'Gold' An alchemical adventure.A play by Andrew Dallmeyer
Act I. Scene 5.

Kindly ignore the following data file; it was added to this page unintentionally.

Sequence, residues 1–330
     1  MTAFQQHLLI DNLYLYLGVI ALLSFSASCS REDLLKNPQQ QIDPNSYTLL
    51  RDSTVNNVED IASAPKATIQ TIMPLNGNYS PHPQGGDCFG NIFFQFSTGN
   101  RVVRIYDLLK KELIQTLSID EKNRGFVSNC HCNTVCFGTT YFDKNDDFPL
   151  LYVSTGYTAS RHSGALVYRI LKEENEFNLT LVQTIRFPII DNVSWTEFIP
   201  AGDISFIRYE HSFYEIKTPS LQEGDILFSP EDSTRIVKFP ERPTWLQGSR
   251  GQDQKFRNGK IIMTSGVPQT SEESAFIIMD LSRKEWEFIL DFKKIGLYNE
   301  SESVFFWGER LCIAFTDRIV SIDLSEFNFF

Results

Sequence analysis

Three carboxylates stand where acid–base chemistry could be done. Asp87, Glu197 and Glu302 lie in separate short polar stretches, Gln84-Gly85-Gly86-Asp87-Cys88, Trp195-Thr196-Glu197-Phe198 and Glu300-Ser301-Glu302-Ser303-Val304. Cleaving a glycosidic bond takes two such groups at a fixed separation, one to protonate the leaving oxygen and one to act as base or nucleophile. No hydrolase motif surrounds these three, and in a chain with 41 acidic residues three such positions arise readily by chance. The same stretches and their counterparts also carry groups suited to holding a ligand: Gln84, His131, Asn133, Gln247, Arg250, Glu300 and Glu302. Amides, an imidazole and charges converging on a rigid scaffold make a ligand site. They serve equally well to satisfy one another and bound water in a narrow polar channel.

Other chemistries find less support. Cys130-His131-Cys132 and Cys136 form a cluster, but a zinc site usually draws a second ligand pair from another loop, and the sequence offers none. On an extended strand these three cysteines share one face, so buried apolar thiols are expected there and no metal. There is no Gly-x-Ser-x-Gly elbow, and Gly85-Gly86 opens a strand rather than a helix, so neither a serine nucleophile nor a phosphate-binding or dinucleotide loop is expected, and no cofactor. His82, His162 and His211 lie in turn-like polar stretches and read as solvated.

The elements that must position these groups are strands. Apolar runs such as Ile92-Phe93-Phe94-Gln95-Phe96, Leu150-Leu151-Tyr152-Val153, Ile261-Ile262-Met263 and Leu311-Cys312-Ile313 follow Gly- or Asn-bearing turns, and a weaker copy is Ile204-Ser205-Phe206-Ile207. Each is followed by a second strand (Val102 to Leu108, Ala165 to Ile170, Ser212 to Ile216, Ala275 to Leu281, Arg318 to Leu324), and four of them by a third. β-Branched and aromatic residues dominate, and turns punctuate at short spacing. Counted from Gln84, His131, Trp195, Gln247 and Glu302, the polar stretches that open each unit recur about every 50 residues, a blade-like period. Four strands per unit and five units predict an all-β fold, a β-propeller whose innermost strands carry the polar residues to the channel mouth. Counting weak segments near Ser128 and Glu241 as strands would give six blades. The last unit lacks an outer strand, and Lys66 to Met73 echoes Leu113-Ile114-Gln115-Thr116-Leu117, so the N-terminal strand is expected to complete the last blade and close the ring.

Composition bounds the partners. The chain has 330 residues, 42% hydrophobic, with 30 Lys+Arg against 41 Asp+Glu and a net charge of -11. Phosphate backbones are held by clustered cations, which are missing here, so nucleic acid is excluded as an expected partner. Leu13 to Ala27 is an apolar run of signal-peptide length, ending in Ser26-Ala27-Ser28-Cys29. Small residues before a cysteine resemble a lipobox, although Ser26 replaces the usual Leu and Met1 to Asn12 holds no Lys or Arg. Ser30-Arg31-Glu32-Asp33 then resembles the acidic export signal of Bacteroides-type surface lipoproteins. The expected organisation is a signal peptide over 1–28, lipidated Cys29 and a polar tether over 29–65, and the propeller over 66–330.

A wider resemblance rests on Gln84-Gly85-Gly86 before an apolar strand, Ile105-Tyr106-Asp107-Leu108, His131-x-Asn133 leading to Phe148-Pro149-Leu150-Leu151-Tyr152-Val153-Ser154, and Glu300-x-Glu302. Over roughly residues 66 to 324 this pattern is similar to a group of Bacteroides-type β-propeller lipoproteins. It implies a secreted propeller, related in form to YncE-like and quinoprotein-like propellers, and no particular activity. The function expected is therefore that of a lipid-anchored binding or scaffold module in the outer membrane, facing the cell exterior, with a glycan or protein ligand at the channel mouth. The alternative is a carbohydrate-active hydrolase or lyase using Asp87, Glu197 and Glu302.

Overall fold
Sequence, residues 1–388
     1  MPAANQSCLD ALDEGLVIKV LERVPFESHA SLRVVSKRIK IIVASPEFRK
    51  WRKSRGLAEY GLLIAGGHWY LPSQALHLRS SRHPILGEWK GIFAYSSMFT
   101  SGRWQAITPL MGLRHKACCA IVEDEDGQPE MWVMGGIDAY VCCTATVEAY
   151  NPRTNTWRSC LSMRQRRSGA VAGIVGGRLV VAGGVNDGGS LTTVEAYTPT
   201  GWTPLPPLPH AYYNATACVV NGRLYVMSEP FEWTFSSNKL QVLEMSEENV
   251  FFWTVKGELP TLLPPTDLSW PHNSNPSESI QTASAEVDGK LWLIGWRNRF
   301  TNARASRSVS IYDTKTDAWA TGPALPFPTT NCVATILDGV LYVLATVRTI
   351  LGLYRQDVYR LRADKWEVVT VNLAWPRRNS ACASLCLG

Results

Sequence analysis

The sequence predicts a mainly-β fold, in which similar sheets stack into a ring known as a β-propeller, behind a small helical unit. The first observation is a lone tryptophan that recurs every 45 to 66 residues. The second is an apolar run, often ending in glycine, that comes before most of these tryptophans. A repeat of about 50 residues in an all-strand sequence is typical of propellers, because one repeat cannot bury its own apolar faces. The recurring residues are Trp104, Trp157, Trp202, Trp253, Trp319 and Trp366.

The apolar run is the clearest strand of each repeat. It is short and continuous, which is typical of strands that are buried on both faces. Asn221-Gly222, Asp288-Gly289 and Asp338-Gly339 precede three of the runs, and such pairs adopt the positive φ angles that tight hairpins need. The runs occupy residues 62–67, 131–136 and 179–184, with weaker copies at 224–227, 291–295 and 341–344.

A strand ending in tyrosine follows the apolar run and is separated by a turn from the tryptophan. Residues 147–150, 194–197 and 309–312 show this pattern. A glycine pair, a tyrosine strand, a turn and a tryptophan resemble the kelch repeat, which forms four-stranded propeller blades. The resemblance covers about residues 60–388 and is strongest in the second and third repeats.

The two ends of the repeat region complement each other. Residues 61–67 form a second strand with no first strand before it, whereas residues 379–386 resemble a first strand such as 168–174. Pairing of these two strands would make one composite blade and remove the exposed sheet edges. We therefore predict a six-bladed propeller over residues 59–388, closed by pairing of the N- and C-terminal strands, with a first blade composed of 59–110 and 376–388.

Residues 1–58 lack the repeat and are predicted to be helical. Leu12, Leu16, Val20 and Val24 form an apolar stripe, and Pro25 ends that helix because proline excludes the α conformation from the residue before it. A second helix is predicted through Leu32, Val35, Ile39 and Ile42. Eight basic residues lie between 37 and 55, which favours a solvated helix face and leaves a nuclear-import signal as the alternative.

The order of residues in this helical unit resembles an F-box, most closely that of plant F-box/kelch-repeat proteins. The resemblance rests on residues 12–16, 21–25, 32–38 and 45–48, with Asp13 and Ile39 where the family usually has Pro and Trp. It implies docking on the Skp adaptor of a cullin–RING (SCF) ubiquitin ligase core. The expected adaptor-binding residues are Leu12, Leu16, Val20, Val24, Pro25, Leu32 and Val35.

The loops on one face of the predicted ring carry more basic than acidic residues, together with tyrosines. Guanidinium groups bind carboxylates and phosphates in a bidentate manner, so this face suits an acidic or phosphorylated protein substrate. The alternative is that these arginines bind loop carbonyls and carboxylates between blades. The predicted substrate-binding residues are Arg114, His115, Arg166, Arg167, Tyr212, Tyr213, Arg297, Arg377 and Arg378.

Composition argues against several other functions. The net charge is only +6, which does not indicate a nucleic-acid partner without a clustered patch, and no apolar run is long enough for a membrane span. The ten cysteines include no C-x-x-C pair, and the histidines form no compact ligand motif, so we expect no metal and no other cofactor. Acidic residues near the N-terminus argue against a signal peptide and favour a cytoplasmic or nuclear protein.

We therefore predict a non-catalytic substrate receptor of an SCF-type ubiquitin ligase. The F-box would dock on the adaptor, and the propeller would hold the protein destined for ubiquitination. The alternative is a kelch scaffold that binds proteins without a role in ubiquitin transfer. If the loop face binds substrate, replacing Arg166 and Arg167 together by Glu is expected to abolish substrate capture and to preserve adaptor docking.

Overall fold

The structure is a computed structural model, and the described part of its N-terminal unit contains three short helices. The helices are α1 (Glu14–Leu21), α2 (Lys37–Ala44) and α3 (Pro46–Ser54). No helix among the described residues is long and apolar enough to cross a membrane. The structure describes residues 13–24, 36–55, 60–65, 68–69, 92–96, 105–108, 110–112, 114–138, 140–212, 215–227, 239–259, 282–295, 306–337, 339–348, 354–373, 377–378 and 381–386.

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SCENE 5 The Quayside. Amsterdam Various passers-by. Enter a gypsy woman Meg. She carries a sack. She mutters furiously to herself "I must at all costs leave this Godforsaken place" etc. We cannot discern her words but she is clearly unhappy. She exits. Various passers-by. Enter Seton. He walks unsteadily like a man who has been long at sea. Various passers- by. To Seton they appear as if from another planet. Enter two young women. SETON Pardon me ladies, but I was wondering if you could direct me to an hostelrie or inn? A place, perhaps where I may lay my head for a night or two? (They look at one another in amusement. They giggle) Somewhere to sleep. To lay my head. (They look at one another and giggle.) A place to lie. You (he points at them) tell me (he points to himself) a place to sleep (he mimes sleep, with a pillow gesture). (The girls giggle) You! Me! Sleep! (The girls are under the impression that they have been propositioned. One of them gives Seton a fearful clout across the face.) SETON Ah! Ladies, I fear that you do not understand my meaning. (The girls go out. Seton sits down, nursing his jaw. Enter Meg. She looks at him, he looks at her.) MEG (In Latin) You! You are a sailor sir? SETON Eh? MEG (In Latin) At what time does your boat depart? SETON I crave your pardon madam but I fear that I do not comprehend your meaning. MEG What! What is this? Did I hear awright? Did I hear 'comprehend' and 'meaning'? SETON You did indeed. MEG Then woe is me for I fear that I have met an Englishman! SETON An Englishman! Do not insult me, for I am a Scotchman through and through. MEG A Scotchman, eh? Then God be praisit! For it is truly wonderful to hear some talk that is in a tongue that I can understand but to tell the honest truth to you, sir, I cannot abide the English. No! God bless you, sir, God bless you! (She embraces him) Scotchman! SETON And pray tell me, madam, whence comes yourself? MEG To tell the truth, sir, that is some story. Some story indeed sir! For all my natural life I have been houndit from post to pillar and from dale to dell, sir. Three times I have been taken for a witch and burnit, twice have I escapit clean away and once have I been left for dead sir. I have travellit along all the ways and woodlands of a dozen lands, sir. I have pickit the orange fruit from the tree in the land of Granada and crossit the frozen lake in the Nordic land of the midnight sun. So now no place do I call home but every place is home, sir. Up until the age of ten, sir, I livit in the land of Gwent in the town of Monmouth. Do you know it? SETON No, I cannot say that I do. Until this time I never venturit forth from the Scottish lowlands. MEG Then what brings you, sir, to Amsterdam? SETON That is also some story. MEG You are I think a sailor sir? SETON No. To trade I am a farmer. MEG A farmer, eh? That is too bad. For I am sorely in need of a boat. SETON A boat to where? MEG To anywhere, sir. To anywhere. For truth be told I do not greatly like this land, sir. SETON No? MEG No indeed. The people are alright, sir, to be sure for they are friendly and well mannerit enough. SETON Oh? MEG But there is not a mountain to be seen and such a landscape is mighty queer, sir, and what is more it fits not well my peculiar condition of mind. I have walkit much inland from here and I have seen strange sights indeed sir. Tall towers with revolving arms to catch the breeze and great wooden doors across rivers which open up to let the water pass and close again for to keep it in. All this have I seen and more besides. But hills and mountains have they none and Meg without her mountains is like a fish without water or a dog without a bone. What ails you with your cheek, sir, that you do rub it so? SETON Oh, tis nothing. MEG A bruise, is it? Now stay you there, sir! I have a remedy for that. (She rummages in her sack) SETON Pray what have you in mind madam? MEG Hold still sir! SETON What is it? MEG Tis but the leaves of agrimony. SETON But madam - MEG Do not jig about! Hold still! (She holds him forcibly and presses the leaves onto his cheek) There, there. It will soon soothe. Soft awhile! Soft! SETON I can see that you have learnit much in your hard life. MEG Hard life? No, sir, not so hard. Sometimes I have been cold and hungry to be sure, but no more often than most I believe. Besides I have seen the deer leap the brook at the first light of dawn and felt the warm rays of the midday sun. I have smelt the sweet smell of the fresh pressit grape and heard the brown owl hoot in the deep, black night. So when all is said and done life has not treatit me so badly, although in recent times my life is not so very happy. I am well pleasit to meet you, sir. Mister? SETON Seton. Alexander Seton. MEG My name is Megwyn, but I am known as Meg or Nutmeg. Whither are you bound Mister Seton? SETON I am bound for Prague. MEG Prague, eh? In Bohemia? SETON The same. MEG I have heard many tales of Prague though I have never been there myself. SETON Tales. What kind of tales? MEG I have heard that they are kind to witches. You have some business in Prague? SETON I do. In a manner of speaking. MEG How far is it to Prague? SETON Four hundred miles. Five hundred perhaps. (Pause) MEG I will come with you. SETON You will? MEG I like you Mister Seton, sir. SETON But what about your sea voyage? MEG It makes no difference to me. Prague or Paris. It makes no difference. So long as it is not Amsterdam. Shall we go? SETON I.... MEG Why not? The sooner we set out, the sooner we arrive. SETON Well, I.... MEG Come on, Mister Seton, on your feet! Let us see what a Scotchman is made of. (Exeunt)
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